listen 80;

server_name kibana01.mgmt.zeding.ro;

auth_basic "Restricted Access";
auth_basic_user_file /etc/nginx/htpasswd.users;

location / {
proxy_pass http://localhost:5601;
proxy_http_version 1.1;
proxy_set_header Upgrade $http_upgrade;
proxy_set_header Connection 'upgrade';
proxy_set_header Host $host;
proxy_cache_bypass $http_upgrade;
}
}

 

for host in {kibana01,kibana02}; do ssh $host "systemctl enable nginx && systemctl start nginx"; done

 

Install Logstash and basic configure it

for host in {logstash01,logstash02}; do ssh $host \
"tee /etc/yum.repos.d/logstash.repo << logstashrepo
[logstash-2.2]
name=logstash repository for 2.2 packages
baseurl=http://packages.elasticsearch.org/logstash/2.2/centos
gpgcheck=1
gpgkey=http://packages.elasticsearch.org/GPG-KEY-elasticsearch
enabled=1
logstashrepo"; done

for host in {logstash01,logstash02}; do ssh $host "yum -y install logstash"; done

 

Generate a multi-domain/multi-IP SSL certificate for Logtash

The multi-IP certificate steps will be done on the 1st logstash container.

curl -O https://github.com/driskell/log-courier/blob/1.x/src/lc-tlscert/lc-tlscert.go

yum -y install golang-pkg-linux-amd64-1.3.3-2.el7_0.noarch

go build lc-tlscert.go

./lc-tlscert

cp selfsigned.crt /etc/pki/tls/certs/logstash-forwarder.crt

cp selfsigned.key /etc/pki/tls/private/logstash-forwarder.key

chmod 644 /etc/pki/tls/private/logstash-forwarder.key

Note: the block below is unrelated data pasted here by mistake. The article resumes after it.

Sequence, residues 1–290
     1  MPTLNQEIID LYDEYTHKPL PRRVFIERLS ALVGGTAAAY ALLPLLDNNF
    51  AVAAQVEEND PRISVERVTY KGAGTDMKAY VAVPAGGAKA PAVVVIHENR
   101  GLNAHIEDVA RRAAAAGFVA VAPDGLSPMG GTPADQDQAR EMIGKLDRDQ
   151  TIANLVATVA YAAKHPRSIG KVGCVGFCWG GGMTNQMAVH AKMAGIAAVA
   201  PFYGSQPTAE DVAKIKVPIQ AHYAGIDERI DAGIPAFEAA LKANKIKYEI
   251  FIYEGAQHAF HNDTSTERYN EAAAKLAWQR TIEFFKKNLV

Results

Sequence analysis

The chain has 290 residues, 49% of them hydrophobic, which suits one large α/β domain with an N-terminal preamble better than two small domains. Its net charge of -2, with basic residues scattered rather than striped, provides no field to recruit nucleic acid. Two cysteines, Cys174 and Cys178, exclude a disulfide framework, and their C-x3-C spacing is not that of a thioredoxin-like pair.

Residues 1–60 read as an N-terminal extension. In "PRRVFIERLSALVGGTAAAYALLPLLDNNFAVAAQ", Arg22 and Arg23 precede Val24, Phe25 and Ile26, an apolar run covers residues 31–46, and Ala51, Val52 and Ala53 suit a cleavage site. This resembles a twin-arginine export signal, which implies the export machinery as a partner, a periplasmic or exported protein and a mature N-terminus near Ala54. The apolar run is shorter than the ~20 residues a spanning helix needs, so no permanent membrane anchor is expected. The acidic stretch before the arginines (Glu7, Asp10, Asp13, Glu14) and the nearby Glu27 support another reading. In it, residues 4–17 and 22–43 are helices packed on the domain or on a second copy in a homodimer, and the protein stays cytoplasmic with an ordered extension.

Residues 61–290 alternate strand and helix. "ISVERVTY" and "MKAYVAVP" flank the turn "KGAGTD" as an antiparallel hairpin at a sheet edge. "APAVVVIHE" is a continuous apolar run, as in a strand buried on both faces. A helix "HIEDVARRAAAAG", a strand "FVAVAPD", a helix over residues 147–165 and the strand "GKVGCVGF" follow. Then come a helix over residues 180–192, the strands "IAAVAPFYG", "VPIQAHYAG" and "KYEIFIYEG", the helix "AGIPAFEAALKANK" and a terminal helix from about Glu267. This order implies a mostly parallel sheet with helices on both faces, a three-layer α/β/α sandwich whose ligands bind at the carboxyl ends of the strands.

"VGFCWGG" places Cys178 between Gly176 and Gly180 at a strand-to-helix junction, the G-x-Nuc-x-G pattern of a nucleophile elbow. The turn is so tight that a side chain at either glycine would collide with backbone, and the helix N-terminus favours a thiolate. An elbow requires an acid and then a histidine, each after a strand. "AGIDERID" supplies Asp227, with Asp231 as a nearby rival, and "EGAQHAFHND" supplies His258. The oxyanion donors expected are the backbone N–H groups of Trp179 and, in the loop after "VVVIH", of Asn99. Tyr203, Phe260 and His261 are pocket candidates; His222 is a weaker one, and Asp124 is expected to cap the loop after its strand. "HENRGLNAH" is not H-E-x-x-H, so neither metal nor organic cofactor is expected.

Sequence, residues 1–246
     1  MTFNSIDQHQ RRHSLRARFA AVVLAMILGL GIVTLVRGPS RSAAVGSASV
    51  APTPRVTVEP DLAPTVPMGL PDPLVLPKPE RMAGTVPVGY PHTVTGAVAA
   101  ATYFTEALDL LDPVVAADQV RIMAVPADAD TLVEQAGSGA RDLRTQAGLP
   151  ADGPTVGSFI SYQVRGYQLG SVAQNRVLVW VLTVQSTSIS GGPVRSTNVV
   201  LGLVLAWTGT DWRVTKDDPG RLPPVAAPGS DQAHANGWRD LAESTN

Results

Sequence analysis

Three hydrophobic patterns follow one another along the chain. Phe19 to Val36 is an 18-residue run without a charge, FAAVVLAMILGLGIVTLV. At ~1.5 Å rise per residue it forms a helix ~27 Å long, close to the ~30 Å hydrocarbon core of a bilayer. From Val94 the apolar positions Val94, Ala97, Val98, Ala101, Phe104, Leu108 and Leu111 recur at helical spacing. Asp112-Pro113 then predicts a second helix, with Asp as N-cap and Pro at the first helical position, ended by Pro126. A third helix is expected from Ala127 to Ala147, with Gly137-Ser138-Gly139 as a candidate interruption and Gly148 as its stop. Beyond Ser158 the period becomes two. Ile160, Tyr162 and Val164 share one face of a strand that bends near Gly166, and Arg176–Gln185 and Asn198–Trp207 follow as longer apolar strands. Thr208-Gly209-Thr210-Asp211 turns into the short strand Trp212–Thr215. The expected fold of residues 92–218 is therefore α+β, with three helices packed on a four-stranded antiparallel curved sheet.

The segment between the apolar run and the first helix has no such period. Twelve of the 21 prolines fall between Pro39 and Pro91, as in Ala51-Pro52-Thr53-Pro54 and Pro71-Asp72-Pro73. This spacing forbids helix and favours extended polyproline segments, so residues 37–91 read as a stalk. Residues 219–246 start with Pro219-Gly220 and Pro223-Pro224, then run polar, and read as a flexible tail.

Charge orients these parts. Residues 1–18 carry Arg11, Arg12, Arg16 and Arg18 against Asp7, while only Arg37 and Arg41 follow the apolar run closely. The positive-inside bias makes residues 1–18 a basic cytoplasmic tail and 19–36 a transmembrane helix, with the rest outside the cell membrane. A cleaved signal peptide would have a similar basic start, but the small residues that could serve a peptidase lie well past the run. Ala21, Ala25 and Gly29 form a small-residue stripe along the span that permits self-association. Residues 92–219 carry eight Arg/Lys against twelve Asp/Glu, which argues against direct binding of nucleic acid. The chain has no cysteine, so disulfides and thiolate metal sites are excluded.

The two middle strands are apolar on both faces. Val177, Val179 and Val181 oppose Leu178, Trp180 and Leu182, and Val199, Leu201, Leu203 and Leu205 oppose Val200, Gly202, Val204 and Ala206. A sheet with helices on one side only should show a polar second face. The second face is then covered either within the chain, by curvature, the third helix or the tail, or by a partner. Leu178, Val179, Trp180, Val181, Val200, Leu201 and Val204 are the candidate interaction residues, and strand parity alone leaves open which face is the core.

systemctl restart logstash.service

 

When this step is done make sure you use this multi-IP certificate on all logstash instances and filebeats clients.

 

Configure beats input for Logstash

for host in {logstash01,logstash02}; do ssh $host \
“tee/etc/logstash/conf.d/02-beats-input.conf << beat_input
input {
   beats {
      port => 5044
      ssl => true
      ssl_certificate => "/etc/pki/tls/certs/logstash-forwarder.crt"
      ssl_key => "/etc/pki/tls/private/logstash-forwarder.key"
   }
}
beat_input"; done

 

for host in {logstash01,logstash02}; do ssh $host \
“tee/etc/logstash/conf.d/10-syslog-filter.conf << syslog_filter
filter {
   if [type] == "syslog" {
      grok {
         match => { "message" => "%{SYSLOGTIMESTAMP:syslog_timestamp} %{SYSLOGHOST:syslog_hostname} %{DATA:syslog_program}(?:\[%{POSINT:syslog_pid}\])?: %{GREEDYDATA:syslog_message}" }
         add_field => [ "received_at", "%{@timestamp}" ]
         add_field => [ "received_from", "%{host}" ]
      }
      syslog_pri { }
      date {
         match => [ "syslog_timestamp", "MMM d HH:mm:ss", "MMM dd HH:mm:ss" ]
      }
   }
}